The archaeologist’s office is usually buried deep underground. Every day, during the digging season, he or she heads off to work to uncover more remains of ancient cultures. Archaeological excavations cost hundreds of thousands of dollars to mount. Digging in the wrong place could be a very expensive mistake. So how do they know where to dig?
Primary Source Documents
Ancient books and manuscripts, even cuneiform tablets, can reveal a lot about lost civilisations. The most important source of information for the Biblical archaeologist is the Bible itself. Covering a period of more than 6000 years it precisely records the exact locations of many ruined and forgotten cities. Archaeologists have used the Bible’s accuracy to locate and re-discover ancient towns, cities and once busy ports. Other texts have recorded trade transactions between neighbours where only one is still in existence. Text documents are the primary source of information.
There is often much truth hidden in the tall stories and legends of antiquity and a cautious study may provide a clue to a missing place. Most traditions and myths are founded on real people and places. Over time they become exaggerated and unbelievable. Sifting the embellishment from these traditions often leaves a factual narrative helpful to the archaeologist.
Geographysical ground surveys are nearly always performed prior to an excavation establishing itself. These are conducted by skilled surveyors and provide the data necessary to conclude the feasibility of a settlement once being established there.
Quite obviously, if someone thinks it’s good enough to live there now then why not in the past. Many of the best archaeological sites are buried under present day cities and cannot be unearthed. Rome, Jerusalem and Athens are prime examples. Most modern cities have excavation teams working in them usually in pockets throughout the city and often many metres below present street level.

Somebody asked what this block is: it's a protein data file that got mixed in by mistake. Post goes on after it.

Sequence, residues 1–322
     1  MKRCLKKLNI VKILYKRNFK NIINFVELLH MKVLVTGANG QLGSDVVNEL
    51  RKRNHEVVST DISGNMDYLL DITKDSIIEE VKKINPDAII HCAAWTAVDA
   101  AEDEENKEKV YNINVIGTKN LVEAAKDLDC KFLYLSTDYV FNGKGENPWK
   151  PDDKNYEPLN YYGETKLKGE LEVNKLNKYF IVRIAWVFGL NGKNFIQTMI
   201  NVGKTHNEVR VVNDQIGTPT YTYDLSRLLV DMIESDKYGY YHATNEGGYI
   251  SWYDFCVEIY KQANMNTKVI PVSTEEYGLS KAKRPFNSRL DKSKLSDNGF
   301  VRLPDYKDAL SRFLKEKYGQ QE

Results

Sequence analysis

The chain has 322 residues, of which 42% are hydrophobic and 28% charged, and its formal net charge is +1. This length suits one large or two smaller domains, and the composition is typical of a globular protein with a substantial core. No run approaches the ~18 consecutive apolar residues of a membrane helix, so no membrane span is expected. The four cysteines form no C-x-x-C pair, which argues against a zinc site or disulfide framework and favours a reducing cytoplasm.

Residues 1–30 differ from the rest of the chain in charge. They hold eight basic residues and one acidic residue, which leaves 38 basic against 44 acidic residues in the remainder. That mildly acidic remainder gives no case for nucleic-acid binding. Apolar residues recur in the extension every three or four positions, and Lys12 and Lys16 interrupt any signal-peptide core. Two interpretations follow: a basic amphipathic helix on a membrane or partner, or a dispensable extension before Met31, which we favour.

Ancient sites for settlement were often chosen for reasons of safety and protection from raiders. Sources of water, rivers for transport and natural harbours were preferred. Defendable high hills or narrow passes were ideal areas where the occupants had control over trade routes and transport arteries. Ground survey teams will identify these features.
Spying out the lie of the land has never been easier than with aerial mapping. A collage of photographs can be laid out and the perceptive archaeologist can intuitively identify prospective buried sites by analysis of every geographic feature in the vicinity. Archaeologist’s first used this technique after acquiring numerous photos from army recognisance flights during WW1.
Topographical radar mapping is the latest tool in the archaeologist’s kit bag. It is the unlikely combination of sketchy, inaccurate, ancient mapping and space-borne images. NASA initiated the use of sand-penetrating radar images in the Arabian Desert. These were taken by the space shuttle Challenger in 1984 and more recently by French satellites. This sky-high technology can look into the sand to locate the ruins of buried ancient settlements, obscured tracks of old caravan routes and sand drowned drinking wells. The image analysis is overlaid on to old maps of the region and land parties guide ground reconnaissance groups to test dig the location. Technological advances in hardware and software have allowed all manner of geographic information to be created.
It’s true that you almost can’t put a spade in the ground without turning up something ancient in Israel’s Holy Land, but even there, as in all professional digs throughout the world, insightful planning is necessary to ensure the correct selection of an excavation site.